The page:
One papers solution

Under Irish citizenship rules anyone who has or had a grandparent from the country is entitled to a passport once they enter into the foreign birth register.

It’s getting that foreign birth thing registered that’s the current problem. According to one bit of highly informed gossip the paperwork pile at the office which does that is 12 months long….

If anyone knows of a faster way to get that thing done do let me know – my brother would be highly appreciative.

15 thoughts on “One papers solution”

  1. Ask Spud. He’s done it.

    Also enabled him to claim he suffered from racism so HE’S A VICTIM TOO!

  2. I did this a few years ago. It involves amassing loads of birth, marriage and death certificates and then waiting………..and waiting……………and waiting……….

  3. I once made enquiries about obtaining New Zealand citizenship. Grandfather came over with the ANZACS for the Gallipoli beach party & barbecue & never went back. No chance. Don’t think even my father would have qualified.

  4. My potential Oz citizenship is two generations too far back. As my Peruvian is one too far back…..

  5. God, philip!! The High Court claims that those who can potentially claim dual citizenship can’t be elected to Parliament. I’m sure the Oz tax people would love to claim that Tim and bis are citizens and tax them into extinction.

  6. I looked into this. It turned out that my Irish grandfather actually contrived to be born in England. I wondered whether arguing that a priest-ridden, dishonest, drunken, violent Irish slum, even in England, was more truly Irish than some parts of Erin, but I didn’t reckon I’d have much chance of success.

    (That was his account of his childhood surroundings, by the way. But he always retained his Irish charm. It’s a funny old world.)

  7. Oh good heavens don’t send any paperwork into the Irish government until June. You won’t see your documents, including passports for months. We just finished fighting to get back passports submitted in November as part of a citizenship application, and that took major battling.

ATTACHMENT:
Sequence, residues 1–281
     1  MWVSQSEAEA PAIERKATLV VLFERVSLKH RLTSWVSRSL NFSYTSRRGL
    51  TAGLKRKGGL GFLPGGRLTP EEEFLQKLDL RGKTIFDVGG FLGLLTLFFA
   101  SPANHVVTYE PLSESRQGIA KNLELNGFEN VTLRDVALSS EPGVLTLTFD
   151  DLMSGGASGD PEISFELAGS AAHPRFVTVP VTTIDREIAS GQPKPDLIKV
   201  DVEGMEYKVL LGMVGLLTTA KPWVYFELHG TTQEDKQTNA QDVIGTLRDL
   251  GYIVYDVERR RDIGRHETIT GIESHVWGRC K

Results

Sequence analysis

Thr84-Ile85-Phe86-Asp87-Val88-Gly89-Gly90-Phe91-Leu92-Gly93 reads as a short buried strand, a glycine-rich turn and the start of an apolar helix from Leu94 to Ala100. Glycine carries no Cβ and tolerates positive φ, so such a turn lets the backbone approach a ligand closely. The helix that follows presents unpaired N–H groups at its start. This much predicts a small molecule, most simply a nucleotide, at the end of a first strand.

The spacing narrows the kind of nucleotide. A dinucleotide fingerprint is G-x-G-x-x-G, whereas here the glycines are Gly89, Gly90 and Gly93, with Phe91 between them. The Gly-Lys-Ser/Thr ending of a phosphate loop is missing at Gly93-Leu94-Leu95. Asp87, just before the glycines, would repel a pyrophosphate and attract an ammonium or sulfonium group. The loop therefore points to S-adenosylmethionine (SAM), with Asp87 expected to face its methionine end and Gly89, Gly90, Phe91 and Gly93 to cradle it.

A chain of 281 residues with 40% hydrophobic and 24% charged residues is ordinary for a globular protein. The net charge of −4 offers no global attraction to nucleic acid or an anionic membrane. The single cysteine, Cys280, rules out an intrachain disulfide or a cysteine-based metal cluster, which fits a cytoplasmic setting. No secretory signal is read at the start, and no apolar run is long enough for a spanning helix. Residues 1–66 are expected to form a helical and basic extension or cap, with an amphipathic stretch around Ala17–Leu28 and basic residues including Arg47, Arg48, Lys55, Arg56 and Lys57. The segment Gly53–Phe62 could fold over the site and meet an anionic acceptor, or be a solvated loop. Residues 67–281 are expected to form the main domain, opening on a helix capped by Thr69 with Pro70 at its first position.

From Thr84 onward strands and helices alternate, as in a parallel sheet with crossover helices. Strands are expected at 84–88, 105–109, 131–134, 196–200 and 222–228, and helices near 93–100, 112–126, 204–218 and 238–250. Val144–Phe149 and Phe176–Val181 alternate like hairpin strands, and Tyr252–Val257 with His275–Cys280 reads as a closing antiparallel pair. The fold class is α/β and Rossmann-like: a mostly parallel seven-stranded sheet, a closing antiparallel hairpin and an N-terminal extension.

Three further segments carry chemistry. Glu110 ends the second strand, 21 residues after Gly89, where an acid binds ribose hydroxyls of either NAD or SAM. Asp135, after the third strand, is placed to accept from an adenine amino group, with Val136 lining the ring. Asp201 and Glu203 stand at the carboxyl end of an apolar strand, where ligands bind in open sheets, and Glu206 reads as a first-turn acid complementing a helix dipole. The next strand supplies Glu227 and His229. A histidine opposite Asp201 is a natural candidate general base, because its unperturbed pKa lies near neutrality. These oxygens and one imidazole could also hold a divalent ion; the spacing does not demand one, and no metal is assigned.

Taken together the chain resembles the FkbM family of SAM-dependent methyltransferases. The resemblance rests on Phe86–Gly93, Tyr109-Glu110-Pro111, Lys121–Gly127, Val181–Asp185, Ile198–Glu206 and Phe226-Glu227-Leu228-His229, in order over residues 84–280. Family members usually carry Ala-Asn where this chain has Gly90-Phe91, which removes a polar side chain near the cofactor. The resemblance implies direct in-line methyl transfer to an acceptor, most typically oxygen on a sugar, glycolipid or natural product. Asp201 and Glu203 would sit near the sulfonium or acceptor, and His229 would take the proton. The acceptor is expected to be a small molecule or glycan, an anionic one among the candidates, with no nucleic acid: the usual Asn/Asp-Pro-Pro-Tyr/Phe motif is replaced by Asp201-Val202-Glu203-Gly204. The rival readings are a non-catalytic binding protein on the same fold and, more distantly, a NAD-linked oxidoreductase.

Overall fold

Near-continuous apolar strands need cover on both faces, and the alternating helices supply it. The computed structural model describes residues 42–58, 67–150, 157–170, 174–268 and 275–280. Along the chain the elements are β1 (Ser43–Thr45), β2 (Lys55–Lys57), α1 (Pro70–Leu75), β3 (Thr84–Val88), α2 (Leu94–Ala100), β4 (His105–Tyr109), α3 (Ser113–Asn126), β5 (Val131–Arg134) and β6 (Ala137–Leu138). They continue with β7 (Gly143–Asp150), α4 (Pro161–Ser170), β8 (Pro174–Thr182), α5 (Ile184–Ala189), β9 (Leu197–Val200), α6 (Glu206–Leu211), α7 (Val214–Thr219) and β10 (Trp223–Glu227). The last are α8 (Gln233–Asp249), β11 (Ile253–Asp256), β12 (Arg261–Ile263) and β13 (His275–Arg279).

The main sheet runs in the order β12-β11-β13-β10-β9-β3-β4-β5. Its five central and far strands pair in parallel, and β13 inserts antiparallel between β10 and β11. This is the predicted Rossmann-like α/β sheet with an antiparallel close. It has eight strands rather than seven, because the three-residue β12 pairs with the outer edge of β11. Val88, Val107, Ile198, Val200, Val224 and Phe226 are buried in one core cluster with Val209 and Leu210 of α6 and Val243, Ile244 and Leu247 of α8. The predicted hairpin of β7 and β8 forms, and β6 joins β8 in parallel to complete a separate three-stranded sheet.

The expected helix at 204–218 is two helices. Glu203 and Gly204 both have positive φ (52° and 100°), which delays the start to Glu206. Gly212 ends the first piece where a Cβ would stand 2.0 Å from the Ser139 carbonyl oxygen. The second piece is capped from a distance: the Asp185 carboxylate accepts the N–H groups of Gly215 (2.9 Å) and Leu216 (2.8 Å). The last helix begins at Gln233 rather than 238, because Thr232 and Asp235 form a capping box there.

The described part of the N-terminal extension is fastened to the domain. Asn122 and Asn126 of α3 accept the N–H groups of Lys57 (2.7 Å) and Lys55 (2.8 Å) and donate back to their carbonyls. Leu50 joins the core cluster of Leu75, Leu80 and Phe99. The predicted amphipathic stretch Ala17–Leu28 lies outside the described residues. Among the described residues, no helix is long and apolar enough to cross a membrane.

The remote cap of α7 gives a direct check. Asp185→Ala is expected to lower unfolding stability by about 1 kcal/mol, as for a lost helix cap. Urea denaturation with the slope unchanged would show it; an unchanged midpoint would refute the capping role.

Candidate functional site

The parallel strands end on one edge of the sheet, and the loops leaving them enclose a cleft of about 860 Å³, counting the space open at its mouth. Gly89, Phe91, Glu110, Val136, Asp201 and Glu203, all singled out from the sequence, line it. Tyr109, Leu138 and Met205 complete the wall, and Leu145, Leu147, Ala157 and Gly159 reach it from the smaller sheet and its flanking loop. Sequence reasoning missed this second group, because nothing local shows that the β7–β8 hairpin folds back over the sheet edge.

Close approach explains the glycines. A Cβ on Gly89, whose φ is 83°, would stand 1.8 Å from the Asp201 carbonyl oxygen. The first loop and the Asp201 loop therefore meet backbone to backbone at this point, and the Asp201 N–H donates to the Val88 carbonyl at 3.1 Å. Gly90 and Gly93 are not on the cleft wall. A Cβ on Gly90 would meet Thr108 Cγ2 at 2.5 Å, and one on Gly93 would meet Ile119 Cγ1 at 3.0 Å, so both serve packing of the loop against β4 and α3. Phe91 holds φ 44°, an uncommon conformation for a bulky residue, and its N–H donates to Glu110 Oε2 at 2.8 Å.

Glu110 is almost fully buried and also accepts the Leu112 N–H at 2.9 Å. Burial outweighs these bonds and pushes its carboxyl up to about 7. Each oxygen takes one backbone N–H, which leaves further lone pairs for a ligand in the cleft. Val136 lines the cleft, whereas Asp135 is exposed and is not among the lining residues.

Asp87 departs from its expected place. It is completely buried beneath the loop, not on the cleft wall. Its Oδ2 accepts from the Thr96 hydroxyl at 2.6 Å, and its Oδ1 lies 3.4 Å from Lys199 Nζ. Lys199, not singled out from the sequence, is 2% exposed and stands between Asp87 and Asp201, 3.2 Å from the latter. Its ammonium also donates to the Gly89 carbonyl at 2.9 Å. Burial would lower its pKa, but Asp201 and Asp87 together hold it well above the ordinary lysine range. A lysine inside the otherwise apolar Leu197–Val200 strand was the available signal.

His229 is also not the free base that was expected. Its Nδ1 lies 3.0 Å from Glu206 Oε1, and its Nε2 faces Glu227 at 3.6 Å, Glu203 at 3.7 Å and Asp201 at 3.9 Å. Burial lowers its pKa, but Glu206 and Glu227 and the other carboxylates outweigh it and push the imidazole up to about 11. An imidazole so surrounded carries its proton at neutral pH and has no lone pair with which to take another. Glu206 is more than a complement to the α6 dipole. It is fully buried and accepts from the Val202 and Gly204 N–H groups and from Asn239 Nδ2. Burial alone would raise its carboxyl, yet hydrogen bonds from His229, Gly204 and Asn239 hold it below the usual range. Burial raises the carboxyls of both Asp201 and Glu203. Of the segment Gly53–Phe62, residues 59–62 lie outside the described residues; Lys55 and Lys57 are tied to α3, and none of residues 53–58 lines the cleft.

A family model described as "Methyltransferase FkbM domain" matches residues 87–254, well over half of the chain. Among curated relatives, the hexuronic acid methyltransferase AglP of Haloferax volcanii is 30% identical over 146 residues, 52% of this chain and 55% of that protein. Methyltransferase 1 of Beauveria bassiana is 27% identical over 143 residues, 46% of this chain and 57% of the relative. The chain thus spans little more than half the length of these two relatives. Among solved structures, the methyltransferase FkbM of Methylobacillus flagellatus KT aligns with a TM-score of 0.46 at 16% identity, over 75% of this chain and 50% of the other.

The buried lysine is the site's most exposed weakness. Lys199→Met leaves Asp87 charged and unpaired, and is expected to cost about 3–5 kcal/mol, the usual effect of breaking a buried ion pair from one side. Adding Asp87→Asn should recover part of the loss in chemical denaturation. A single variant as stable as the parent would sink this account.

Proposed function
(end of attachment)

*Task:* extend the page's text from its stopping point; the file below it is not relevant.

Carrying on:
8. I did my Irish citizenship back in 2008 (so not BRExit related, before the usual moaners start) and for an adult it was a fairly straight-forward process of submitting an application form along with my ID, birth certificate and my mother’s (who was born in Ireland) at the Irish Consulate in London.

    I think it took about a month, but collected the passport with no problems and renewal was straight-forward in 2018 as well, just required a photo booth which also submitted photos to the Irish Government as well.

    As for speeding it up during COVID-19(84), you’re probably out of luck, since all the channels of escalation are closed too. 🙁

  9. @ John Galt

    If your mother was an Irish born in Ireland then you were an Irish citizen already, so you would (should) only have had to apply for your passport. Someone a generation further removed (e.g, you child) would, I expect, have to both apply for citizenship and then, once conferred, get a passport.

    I did the passport thing after the Brexit vote, but before the rush. It was fairly quick and easy.

  10. Given that Ireland is set to be an even bigger tyranny than the UK why bother?

    A lot of trouble to swap Gulags.

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